Last update: 2020-11-24

Current Projects

How can we incorporate sociopolitical and ethical thought into CS teaching? (2012 - 2013, 2018 - present)

With Eric Mayhew: what does critical pedagogy mean for a CS context?

With Emma McKay and Inès Moreno: how can we improve computer scientists’ awareness of the connections their work has to the land (e.g. sourcing of the compenents of the machines they use, conflict minerals, environmental effects etc)?

With Anna Ma: how has the history of the ACM’s CS curricula shaped socioethical education (or lack thereof) in undergraduate CS programmes?

With Horatiu Halmaghi: how can we teach science and technology studies (STS) to computer scientists and computer science students?

And presented recently:

  • I gave a talk on “rendering technical” at 4S 2020
  • Horatiu presented at 4S 2019, on an autoethnography of runnning a workshop for CS people about sociopolitical issues

Previously, I participated in an ITiCSE 2012 working group on ‘Computing for Social Good’, focusing on sharing CS1 assignments with social context.

What can a critical disability studies lens show us about computer science education? (2019 - present)

Looking at the relationship between disability, technology, and computer science education. What would a crip technoscience approach to teaching CS look like?

With Michelle Lin: what is the state of ableism in CS education?

With Loreina Chew: how can we improve user interface education for accessibility?


  • I presented at CSA 2019, discussing social theory for understanding “spoonies” (people with chronic fatigue/pain)
  • I presented at 4S 2019 on chronotypes, chronodiversity, and technology

What implications do institutional policies have on who studies CS? (2013 - present)

How do policymakers think about diversity in CS? What policies affect diversity and how? And what kinds of policies should be promoted to effectively improve diversity?

And with Horatiu Halmaghi: what are the sustainability implications of policies to promote access to CS?

What’s been published so far:

Why is participation in computing gendered? (2013 - present)

How can we explain the historical and geographical variances in how computer is gendered?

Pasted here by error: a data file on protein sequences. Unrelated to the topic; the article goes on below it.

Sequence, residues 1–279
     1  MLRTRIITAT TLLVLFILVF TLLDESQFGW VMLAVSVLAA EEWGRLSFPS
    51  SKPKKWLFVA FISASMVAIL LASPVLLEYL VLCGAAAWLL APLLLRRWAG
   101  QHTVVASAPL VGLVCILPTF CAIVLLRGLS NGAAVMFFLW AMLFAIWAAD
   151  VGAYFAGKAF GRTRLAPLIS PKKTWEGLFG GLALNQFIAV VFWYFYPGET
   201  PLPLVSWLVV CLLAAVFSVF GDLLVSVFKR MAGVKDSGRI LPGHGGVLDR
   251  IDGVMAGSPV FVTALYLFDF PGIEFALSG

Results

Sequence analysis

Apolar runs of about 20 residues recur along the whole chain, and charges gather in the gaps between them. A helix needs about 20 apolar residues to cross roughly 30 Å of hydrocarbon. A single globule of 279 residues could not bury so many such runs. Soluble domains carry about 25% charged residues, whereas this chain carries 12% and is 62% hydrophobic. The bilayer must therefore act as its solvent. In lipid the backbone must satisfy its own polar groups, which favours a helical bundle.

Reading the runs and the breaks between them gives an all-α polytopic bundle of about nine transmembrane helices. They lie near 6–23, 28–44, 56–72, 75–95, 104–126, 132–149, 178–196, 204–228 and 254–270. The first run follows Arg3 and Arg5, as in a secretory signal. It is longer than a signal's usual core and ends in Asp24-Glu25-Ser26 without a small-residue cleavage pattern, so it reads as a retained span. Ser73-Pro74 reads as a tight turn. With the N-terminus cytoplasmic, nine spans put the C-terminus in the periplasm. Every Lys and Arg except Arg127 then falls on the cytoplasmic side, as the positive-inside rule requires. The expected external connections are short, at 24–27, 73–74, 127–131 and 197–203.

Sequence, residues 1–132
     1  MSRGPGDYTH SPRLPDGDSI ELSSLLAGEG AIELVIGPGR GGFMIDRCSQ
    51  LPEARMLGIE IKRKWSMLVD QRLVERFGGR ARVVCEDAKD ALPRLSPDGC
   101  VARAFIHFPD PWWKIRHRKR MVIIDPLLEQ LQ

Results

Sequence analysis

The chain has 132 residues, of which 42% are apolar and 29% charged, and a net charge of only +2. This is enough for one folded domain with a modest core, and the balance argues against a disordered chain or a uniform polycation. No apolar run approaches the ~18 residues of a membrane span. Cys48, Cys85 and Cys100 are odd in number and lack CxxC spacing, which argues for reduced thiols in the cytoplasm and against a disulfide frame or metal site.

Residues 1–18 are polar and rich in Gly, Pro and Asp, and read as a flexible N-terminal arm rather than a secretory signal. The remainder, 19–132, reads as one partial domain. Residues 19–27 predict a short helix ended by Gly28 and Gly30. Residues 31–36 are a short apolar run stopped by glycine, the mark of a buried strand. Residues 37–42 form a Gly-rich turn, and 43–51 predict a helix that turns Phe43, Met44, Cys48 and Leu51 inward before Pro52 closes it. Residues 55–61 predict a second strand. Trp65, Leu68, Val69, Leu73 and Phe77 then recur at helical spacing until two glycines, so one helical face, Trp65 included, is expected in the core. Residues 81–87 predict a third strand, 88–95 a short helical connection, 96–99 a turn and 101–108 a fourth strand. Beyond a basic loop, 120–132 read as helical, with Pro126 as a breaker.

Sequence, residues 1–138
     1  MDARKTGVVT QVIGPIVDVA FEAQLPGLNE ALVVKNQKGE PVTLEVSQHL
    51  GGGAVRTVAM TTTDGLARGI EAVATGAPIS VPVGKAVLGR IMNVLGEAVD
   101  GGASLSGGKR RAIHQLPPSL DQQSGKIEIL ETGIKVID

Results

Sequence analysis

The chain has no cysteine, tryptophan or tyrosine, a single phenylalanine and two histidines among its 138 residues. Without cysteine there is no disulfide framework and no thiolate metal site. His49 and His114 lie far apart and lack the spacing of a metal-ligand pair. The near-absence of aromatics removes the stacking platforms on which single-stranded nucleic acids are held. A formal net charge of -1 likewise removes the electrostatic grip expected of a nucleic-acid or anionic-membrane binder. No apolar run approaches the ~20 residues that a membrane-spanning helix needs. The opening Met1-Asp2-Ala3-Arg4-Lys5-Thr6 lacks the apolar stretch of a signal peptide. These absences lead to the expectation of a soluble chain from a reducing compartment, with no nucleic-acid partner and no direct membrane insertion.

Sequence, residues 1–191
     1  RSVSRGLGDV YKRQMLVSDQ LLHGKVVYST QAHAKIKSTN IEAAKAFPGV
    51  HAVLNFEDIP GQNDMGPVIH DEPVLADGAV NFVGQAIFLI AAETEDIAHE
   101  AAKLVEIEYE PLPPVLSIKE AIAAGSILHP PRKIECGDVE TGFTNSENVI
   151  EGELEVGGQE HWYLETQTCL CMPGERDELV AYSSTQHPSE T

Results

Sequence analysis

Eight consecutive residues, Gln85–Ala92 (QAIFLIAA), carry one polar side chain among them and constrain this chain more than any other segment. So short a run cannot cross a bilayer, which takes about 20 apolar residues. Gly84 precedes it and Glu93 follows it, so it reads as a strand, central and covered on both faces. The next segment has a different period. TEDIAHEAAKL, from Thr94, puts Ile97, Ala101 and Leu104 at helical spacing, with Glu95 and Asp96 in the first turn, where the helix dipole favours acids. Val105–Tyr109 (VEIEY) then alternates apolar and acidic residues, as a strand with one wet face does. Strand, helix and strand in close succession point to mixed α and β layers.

With Jess Quynh Tran: what insights can queer theory give us for understanding how computing is gendered?

With Hana Darling-Wolf: how is the gendered performance of “passion” involved in the development of a CS identity?

What’s been published so far:

And presented recently:

  • Jess will be presenting their work at 4S 2019

Past Projects

How do machine learning educators understand their practice? (2018 - 2019)

With Lis Sulmont. What pedagogical content knowledge is needed to teach machine learning, parcticularly to people without a CS/math/stats background?

What’s been published so far:

  • An Exploration of Pedagogical Content Knowledge for Teaching Machine Learning to Non-Majors. Elisabeth Sulmont, Elizabeth Patitsas, Jeremy R Cooperstock. SIGCSE 2019. (pdf and slides here)
  • Sulmont, E., Patitsas, E., & Cooperstock, J. R. (2019). What is hard about teaching machine learning to non-majors? Insights from classifying instructors’ learning goals. ACM Transactions on Computing Education (TOCE), 19(4), 1-16. (pdf)

And presented recently:

  • And a talk accepted to 4S 2019 on algorithmic literacy

What affects the develompent of teaching assistants? (2009 - 2011, 2019)

Short answer: social support! Staff meetings and team teaching were beneficial for TAs in their development as educators.

With Pierre Theo Klein, we looked at how to better support tutors at the CS Help Desk.

Do early childhood experiences relate to computing activities later in life? (2017)

I participated in an ITiCSE 2017 working group examining whether adult reports of their early childhood activities correlated with their later engagement in computing.

Are CS grades bimodal? (2013 - 2016)

It’s commonly said that CS grade distributions are bimodal. But are they? Short answer: no. (with Jesse Berlin)

Blog post about our statistical findings. Excitingly, our findings were replicated! You can replicate our statistical analysis of grades distribution with our code too!

Does having students compare and contrast improve student learning? (2012 - 2013)

Short answer: yes! We found that teaching variants of data structures side-by-side, and having students compare and contrast the different data structures led to more student learning than if you present the different data structures sequentially.

How can we better teach digital logic? (2008 - 2012)

How do we make digital logic labs interesting and engaging for students? I was part of a project to redevelop the lab curriculum for the digital logic course at UBC. During the process I surveyed students and TAs about the labs, to evaluate the curriculum changes.

  • Effective Closed Labs in Early CS Courses: Lessons from Eight Terms of Action Research. Elizabeth Patitsas, Steve Wolfman. SIGCSE 2012. (pdf and slides here)
  • Revitalizing Labs: Lessons from 2.5 Years of Iterative Development and Assessment of Digital Logic Labs. Elizabeth Patitsas, Steven Wolfman, Meghan Allen. SIGCSE, March 2011. Also presented at the CWSEI End-of-Year Event, April 2011. (Poster here)
  • Changes in CPSC 121: Toward a Coherent Picture of Computation. Elizabeth Patitsas, Kimberly Voll. CWSEI End-of-Year Event, April 2010. Also presented at UBC Celebrate Learning, June 2010. (Poster here)
  • Circuits and Logic in the Lab. Elizabeth Patitsas, Kimberly Voll, Mark Crowley, Steven Wolfman. Western Canadian Conference on Computing Education, May 2010. (pdf)
  • Revising an Introductory Computer Science Course: Exploratory Labs, Interactive Lectures, and Just-in-Time Teaching. Gwen Echlin, Piam Kiarostami, Elizabeth Patitsas, Steven Wolfman. CWSEI End-of-Year Event, April 2009. (Poster here)